IRS News Release  
July 19, 1994

New Procedures to Fight Refund Fraud

WASHINGTON - The Internal Revenue Service today announced two new procedures it will implement next year to better protect the tax system from refund fraud.

The changes are:

  • the IRS will expand its suitability check on those applying to participate in electronic filing as electronic return originators (EROs) to include checks of criminal records and credit reports; and
  • the IRS will delay refund claims lacking proper taxpayer identification numbers (TINs)--for individuals, their social security numbers.

"To withdraw money from a financial institution, you must use a correct account number or personal identification number," said IRS Commissioner Margaret Milner Richardson in testimony before the Senate Governmental Affairs Committee. "We believe that before monies are paid from the Federal treasury, taxpayers should also have to provide a correct, valid PIN."

Taxpayers should be sure that they have correct social security numbers for themselves, their spouses and dependents now, to avoid possible delays at tax time. Persons who need to obtain numbers for themselves or their dependents--or to resolve questions about their numbers--should contact a Social Security Administration office.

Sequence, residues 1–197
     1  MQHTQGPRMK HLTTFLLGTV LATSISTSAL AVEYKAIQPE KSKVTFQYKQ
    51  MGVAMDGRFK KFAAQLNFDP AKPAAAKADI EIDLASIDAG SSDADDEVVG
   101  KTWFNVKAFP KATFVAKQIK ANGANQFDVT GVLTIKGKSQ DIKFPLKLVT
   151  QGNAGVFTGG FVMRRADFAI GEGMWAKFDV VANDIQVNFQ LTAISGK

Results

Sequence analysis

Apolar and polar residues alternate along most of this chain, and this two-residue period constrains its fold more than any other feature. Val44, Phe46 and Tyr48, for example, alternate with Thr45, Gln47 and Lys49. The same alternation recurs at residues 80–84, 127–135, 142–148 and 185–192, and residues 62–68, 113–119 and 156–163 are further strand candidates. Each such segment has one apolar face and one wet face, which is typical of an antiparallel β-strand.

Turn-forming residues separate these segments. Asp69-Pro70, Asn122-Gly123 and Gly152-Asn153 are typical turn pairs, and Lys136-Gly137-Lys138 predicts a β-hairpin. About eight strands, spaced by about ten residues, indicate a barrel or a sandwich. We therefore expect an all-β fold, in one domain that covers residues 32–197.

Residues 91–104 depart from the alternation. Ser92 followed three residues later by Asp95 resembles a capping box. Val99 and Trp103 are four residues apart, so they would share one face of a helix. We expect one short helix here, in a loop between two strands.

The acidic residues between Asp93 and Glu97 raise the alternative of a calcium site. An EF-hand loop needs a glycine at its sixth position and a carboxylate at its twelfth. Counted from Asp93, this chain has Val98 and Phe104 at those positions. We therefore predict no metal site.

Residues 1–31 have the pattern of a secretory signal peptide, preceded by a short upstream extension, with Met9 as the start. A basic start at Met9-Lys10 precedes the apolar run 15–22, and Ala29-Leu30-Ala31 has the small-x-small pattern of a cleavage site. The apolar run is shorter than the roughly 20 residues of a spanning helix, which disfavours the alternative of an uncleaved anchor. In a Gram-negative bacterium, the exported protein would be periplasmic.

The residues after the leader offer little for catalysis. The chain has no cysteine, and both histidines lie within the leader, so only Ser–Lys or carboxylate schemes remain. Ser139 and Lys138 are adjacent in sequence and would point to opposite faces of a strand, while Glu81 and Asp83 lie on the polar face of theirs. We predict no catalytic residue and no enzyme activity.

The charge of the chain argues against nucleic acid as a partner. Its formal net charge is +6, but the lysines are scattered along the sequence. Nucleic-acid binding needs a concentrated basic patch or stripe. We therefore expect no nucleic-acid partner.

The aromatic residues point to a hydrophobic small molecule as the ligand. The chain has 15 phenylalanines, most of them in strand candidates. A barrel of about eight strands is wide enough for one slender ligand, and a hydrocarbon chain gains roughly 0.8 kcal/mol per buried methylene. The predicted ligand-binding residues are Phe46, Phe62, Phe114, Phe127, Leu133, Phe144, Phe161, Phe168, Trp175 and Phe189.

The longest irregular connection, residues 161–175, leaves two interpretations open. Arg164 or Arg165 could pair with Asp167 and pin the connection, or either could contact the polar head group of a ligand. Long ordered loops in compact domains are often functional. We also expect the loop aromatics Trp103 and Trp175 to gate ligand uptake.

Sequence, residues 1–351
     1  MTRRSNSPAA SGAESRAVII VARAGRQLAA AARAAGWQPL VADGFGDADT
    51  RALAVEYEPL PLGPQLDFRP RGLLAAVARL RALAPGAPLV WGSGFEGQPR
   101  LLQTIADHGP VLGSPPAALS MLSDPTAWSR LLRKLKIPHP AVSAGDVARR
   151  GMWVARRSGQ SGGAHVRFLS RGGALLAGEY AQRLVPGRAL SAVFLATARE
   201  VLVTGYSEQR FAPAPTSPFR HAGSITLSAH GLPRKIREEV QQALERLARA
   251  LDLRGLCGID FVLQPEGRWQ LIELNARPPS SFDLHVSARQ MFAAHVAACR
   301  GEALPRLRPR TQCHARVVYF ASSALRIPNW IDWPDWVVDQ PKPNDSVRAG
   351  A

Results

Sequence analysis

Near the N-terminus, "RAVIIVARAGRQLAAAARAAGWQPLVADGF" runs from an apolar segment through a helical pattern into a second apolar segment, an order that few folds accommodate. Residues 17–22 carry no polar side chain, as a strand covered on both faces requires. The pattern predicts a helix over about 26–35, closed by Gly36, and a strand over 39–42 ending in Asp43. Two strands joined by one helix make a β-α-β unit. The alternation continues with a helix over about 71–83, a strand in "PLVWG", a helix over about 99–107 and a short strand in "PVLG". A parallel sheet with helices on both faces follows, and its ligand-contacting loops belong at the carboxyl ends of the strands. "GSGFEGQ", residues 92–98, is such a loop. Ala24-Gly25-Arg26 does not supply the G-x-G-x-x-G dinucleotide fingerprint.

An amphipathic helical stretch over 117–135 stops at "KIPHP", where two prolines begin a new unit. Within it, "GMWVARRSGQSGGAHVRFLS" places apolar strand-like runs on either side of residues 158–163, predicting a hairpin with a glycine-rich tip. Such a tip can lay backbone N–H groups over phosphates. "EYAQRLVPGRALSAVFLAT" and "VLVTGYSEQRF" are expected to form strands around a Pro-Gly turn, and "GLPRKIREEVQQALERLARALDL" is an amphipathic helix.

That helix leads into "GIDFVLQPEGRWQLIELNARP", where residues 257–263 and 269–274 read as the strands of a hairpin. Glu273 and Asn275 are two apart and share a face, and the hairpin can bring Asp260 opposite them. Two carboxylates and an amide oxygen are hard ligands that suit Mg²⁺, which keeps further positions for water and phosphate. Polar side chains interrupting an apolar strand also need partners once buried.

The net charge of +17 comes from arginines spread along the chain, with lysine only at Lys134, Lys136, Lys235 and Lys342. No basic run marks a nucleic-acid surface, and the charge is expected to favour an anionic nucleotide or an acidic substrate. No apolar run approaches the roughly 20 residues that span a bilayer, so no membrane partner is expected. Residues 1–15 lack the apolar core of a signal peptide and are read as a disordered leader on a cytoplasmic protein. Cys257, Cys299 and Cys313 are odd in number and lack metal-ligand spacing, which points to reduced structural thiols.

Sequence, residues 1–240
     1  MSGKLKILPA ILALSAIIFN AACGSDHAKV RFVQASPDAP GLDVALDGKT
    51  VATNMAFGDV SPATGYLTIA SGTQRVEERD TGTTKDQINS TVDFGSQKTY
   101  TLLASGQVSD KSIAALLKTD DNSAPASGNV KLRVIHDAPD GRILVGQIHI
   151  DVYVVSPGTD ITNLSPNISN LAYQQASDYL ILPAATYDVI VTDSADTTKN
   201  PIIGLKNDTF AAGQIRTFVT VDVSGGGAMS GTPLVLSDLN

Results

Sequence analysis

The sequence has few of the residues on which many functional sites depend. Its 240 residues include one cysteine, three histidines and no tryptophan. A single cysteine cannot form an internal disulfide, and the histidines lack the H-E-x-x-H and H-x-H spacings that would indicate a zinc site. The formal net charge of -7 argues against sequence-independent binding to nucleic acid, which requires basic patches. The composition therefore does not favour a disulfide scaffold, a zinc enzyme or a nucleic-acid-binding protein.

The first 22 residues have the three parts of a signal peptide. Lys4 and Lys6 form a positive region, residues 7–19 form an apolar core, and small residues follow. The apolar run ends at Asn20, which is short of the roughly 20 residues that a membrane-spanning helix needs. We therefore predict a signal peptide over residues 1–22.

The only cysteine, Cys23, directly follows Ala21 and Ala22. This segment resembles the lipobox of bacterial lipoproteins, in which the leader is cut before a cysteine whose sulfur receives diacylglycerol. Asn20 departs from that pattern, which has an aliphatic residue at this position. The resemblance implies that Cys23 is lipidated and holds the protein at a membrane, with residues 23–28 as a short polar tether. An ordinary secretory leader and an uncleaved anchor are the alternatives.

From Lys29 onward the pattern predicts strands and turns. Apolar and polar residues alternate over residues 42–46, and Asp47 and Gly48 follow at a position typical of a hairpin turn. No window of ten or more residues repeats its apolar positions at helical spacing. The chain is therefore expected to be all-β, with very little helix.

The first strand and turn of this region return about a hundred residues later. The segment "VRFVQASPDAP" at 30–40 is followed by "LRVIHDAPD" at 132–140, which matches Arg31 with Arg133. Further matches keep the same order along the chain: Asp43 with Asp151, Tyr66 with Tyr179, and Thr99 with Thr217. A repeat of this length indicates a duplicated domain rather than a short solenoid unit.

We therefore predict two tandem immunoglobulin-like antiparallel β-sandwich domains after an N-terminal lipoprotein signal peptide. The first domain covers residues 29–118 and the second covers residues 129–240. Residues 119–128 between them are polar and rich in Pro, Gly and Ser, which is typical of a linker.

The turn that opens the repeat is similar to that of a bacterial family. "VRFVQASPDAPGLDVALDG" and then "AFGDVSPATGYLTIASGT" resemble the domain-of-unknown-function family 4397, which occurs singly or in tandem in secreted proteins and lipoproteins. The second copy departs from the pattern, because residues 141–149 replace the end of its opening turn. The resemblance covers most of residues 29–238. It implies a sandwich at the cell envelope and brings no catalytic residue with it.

EROs are persons who either prepare tax returns that will be filed electronically or collect prepared returns from taxpayers who want electronic filing.

First-time EROs will have to submit a set of fingerprints with their applications and must authorize the IRS to obtain a credit report. These checks will help the IRS verify identities and confirm the absence of criminal convictions. The FBI will check the fingerprints against its criminal record files. The IRS already checks the tax records of ERO applicants to identify any tax compliance problems that would bar a person from the Electronic Filing Program.

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